For three days the Wampanoags feasted with the Pilgrims. It was a special time of friendship between two very different groups of people. A peace and friendship agreement was made between Massasoit and Miles Standish giving the Pilgrims the clearing in the forest where the old Patuxet village once stood to build their new town of Plymouth.
It would be very good to say that this friendship lasted a long time; but, unfortunately, that was not to be. More English people came to America, and they were not in need of help from the Indians as were the original Pilgrims. Many of the newcomers forgot the help the Indians had given them. Mistrust started to grow and the friendship weakened. The Pilgrims started telling their Indian neighbors that their Indian religion and Indian customs were wrong. The Pilgrims displayed an intolerance toward the Indian religion similar to the intolerance displayed toward the less popular religions in Europe. The relationship deteriorated and within a few years the children of the people who ate together at the first Thanksgiving were killing one another in what came to be called King Phillip’s War.
It is sad to think that this happened, but it is important to understand all of the story and not just the happy part. Today the town of Plymouth Rock has a Thanksgiving ceremony each year in remembrance of the first Thanksgiving. There are still Wampanoag people living in Massachusetts. In 1970, they asked one of them to speak at the ceremony to mark the 350th anniversary of the Pilgrim’s arrival. Here is part of what was said:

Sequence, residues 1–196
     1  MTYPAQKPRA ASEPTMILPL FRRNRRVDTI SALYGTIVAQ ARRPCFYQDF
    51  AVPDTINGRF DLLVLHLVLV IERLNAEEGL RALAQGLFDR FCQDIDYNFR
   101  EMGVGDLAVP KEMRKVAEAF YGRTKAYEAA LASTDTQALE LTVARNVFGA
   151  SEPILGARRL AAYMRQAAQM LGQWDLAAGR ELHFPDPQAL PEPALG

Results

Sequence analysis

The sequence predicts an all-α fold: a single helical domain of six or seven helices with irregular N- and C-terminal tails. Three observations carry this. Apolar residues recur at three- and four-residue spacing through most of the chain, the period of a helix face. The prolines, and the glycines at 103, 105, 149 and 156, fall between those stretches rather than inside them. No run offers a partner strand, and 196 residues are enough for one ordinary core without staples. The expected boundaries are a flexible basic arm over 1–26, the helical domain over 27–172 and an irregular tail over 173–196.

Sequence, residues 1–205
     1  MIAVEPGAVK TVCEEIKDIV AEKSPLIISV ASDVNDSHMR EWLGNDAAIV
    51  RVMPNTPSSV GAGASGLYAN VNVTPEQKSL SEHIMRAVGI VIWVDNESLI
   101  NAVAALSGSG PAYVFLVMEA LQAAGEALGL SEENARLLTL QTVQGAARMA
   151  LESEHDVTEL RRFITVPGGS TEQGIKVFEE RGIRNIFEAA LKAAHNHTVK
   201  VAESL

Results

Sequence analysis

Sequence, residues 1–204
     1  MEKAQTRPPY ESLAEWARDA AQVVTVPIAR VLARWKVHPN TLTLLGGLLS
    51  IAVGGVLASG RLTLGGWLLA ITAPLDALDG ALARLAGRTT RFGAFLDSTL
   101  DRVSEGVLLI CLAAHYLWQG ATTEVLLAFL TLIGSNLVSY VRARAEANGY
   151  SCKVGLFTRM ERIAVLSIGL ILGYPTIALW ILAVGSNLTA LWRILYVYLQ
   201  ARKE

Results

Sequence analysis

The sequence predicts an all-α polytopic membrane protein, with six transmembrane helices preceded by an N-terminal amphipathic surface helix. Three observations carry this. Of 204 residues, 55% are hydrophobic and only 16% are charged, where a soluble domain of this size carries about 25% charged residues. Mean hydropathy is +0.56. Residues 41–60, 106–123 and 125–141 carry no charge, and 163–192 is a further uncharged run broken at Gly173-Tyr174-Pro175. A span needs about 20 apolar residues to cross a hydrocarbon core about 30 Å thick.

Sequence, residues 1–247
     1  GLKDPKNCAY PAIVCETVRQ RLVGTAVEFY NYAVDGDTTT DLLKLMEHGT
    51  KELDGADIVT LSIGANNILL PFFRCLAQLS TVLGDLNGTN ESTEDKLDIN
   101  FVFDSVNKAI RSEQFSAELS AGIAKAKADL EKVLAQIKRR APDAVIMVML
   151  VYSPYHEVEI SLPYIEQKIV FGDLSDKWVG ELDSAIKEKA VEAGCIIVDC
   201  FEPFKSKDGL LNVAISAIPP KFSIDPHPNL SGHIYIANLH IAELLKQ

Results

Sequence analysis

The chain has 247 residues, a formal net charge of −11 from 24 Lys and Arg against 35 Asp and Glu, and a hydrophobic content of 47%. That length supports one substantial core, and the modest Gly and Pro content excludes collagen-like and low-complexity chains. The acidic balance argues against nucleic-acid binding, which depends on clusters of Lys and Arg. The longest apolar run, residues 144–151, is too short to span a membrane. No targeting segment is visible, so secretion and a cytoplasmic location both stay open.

“Today is a time of celebrating for you — a time of looking back to the first days of white people in America. But it is not a time of celebrating for me. It is with a heavy heart that I look back upon what happened to my People. When the Pilgrims arrived, we, the Wampanoags, welcomed them with open arms, little knowing that it was the beginning of the end. That before 50 years were to pass, the Wampanoag would no longer be a tribe. That we and other Indians living near the settlers would be killed by their guns or dead from diseases that we caught from them. Let us always remember, the Indian is and was just as human as the white people.
Although our way of life is almost gone, we, the Wampanoags, still walk the lands of Massachusetts. What has happened cannot be changed. But today we work toward a better America, a more Indian America where people and nature once again are important.”
SOURCE: “The Plymouth Thanksgiving Story” by Chuck Larsen
Categories: Leadership in History